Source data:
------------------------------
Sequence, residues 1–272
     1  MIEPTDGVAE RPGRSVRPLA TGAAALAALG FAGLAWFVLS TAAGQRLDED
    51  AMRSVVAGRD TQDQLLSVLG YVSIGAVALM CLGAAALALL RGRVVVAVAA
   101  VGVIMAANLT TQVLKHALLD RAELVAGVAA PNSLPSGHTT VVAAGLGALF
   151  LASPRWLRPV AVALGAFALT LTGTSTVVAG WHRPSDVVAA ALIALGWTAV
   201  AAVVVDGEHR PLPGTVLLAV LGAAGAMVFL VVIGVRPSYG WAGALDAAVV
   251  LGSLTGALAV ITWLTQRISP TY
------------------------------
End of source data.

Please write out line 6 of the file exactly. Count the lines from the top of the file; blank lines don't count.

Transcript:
   201  AAVVVDGEHR PLPGTVLLAV LGAAGAMVFL VVIGVRPSYG WAGALDAAVV